I’ve learned a few things about contrarian investing over the years, sometimes the hard way:
- Investors rarely pick the absolute top or bottom in stocks. Be prepared for short-term losses if you buy a beaten-up stock, or to leave some profit on the table if selling a high-flyer.
- Don’t judge stocks on where they’ve come from, only where they are going. I’ve made that mistake over the years: a $5 stock falls to $1, so looks cheap. Or a $1 stock soars to $10 so seems expensive. Anchoring value to past share prices is a sure-fire way to destroy value.
- Compare like against like. The banks, for example, might look cheap against historic Price Earnings (PE) multiples. But does the sector still demand the same type of PE multiple after the Financial Services Royal Commission and regulatory squeeze?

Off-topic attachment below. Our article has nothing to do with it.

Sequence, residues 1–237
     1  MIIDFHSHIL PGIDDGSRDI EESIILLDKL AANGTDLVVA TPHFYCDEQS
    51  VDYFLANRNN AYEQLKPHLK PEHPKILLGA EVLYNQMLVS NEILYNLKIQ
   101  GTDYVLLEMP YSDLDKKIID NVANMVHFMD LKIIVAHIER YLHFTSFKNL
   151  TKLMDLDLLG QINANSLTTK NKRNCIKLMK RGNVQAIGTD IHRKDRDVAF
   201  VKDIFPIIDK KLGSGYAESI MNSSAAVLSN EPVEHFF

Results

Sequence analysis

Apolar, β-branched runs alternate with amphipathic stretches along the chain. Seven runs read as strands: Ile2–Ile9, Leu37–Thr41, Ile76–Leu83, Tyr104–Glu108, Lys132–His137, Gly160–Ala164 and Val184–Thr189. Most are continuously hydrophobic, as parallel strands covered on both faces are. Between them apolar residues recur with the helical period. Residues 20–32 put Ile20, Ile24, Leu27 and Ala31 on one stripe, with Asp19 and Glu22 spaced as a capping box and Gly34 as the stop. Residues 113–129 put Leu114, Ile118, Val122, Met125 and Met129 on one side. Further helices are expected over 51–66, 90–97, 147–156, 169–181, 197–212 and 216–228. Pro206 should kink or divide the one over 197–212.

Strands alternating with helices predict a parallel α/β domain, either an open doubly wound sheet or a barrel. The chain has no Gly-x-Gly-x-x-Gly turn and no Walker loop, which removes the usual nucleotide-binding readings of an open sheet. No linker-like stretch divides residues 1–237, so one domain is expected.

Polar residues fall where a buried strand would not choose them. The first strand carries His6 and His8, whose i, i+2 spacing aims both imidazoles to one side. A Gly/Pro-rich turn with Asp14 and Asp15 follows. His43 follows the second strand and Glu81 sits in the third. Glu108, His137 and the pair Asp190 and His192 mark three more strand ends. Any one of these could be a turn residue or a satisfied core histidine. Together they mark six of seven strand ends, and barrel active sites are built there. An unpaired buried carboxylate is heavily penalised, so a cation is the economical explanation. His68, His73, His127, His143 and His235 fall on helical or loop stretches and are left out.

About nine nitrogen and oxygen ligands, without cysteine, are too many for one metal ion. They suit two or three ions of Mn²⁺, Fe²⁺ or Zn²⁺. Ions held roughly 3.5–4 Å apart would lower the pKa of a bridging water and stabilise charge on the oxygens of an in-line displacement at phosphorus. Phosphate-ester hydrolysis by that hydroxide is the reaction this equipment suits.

- Always screen out “market noise” with contrarian ideas. When stocks soar, a chorus of cheerleaders egg them on, hoping for higher prices. When stocks tank, the bears maul undervalued stocks. That creates opportunity for independent thinkers.
- Finally, consider combining fundamental and technical analysis to assess contrarian ideas. The fundamentals are paramount; assessing value matters most. But using charts to identify when fallen stocks have formed a base and are starting to trend higher can be useful.
Using that framework, I have identified three contrarian sell and buy themes for FY20, at the editor’s request. The goal: to provide ideas on sectors and stocks to take profits on, and those that are out of favour, undervalued and worth buying.
Here are 3 contrarian sell themes: